Wednesday, the state made it clear those marriages performed will not be recognized.
After coming to that conclusion the Governor's Office sent a letter to state agencies offering some direction on how to proceed from here.
"The stay issued by the Supreme Court effectively puts on hold the recognition of same-sex marriages that were performed in the state of Utah," said Derek Miller, Chief of Staff with the Governor’s Office.
Essentially, the state is reverting back to the law before 10th Circuit Judge, John Shelby ruled Amendment 3 is unconstitutional.
The ultimate decision is still in the hands of the courts.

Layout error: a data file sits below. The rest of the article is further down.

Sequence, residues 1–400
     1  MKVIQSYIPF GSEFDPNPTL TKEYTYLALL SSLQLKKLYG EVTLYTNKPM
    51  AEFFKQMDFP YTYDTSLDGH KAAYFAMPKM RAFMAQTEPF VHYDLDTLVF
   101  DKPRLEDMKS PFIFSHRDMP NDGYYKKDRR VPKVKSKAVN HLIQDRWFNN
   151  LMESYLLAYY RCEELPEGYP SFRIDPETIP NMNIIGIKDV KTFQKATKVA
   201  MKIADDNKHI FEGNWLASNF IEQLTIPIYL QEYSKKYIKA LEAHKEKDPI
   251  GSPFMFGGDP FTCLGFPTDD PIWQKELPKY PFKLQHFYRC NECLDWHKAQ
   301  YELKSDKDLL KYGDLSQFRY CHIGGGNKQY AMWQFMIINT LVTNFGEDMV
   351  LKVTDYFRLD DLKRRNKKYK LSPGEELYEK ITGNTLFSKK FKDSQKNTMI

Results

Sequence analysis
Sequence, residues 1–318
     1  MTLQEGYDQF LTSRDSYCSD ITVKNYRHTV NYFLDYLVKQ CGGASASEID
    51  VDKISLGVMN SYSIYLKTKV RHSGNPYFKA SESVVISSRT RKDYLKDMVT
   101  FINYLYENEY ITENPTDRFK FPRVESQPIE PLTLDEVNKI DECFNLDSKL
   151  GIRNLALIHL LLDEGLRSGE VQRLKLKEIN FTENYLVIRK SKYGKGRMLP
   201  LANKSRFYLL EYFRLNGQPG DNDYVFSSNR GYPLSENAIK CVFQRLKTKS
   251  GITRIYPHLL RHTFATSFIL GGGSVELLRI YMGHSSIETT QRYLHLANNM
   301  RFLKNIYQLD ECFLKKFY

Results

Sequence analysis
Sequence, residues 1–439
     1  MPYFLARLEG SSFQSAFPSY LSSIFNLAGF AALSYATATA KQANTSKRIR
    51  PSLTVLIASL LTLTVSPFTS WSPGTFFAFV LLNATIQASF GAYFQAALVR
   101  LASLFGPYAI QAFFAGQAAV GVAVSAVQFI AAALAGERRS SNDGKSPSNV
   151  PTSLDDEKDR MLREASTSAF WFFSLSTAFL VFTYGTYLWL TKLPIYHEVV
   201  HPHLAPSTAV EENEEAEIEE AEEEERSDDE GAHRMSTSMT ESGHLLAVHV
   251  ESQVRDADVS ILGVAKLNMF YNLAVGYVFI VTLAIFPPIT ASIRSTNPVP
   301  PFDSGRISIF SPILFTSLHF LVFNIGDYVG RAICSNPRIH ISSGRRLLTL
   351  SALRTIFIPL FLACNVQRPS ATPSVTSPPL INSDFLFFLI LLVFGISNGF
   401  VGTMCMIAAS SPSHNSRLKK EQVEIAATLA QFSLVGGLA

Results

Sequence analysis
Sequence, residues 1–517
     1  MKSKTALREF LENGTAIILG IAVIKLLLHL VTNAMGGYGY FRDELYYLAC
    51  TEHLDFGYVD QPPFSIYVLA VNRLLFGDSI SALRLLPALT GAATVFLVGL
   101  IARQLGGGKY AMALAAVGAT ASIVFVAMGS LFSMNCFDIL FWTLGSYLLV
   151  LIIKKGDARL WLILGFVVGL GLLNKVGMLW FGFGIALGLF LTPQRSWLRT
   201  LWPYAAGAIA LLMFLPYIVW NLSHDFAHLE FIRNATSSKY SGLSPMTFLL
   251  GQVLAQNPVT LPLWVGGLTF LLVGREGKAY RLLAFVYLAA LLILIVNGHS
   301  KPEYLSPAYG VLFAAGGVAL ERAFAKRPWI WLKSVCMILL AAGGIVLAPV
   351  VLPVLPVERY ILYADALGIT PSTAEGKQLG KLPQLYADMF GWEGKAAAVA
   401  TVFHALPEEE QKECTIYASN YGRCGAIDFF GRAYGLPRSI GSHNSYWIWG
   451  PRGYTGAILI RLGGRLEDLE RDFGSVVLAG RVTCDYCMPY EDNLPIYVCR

The case sits in the Court of Appeals now and could end up with the United States Supreme Court.
"It’s important to note we are not commenting on the legal status of these marriages, that's for the courts to decide. We are commenting on the responsibilities state agencies have to obey the law and that law says you shall not recognize same-sex marriages," said Miller.
There are some notable exceptions, if a married couple executed changes before the stay was issued, those are still valid.
For example, if one spouse had already changed their name on a driver’s license it will not be revoked.
Also, if a couple jointly filed taxes before the stay was issued the state will also recognize that, according to Miller.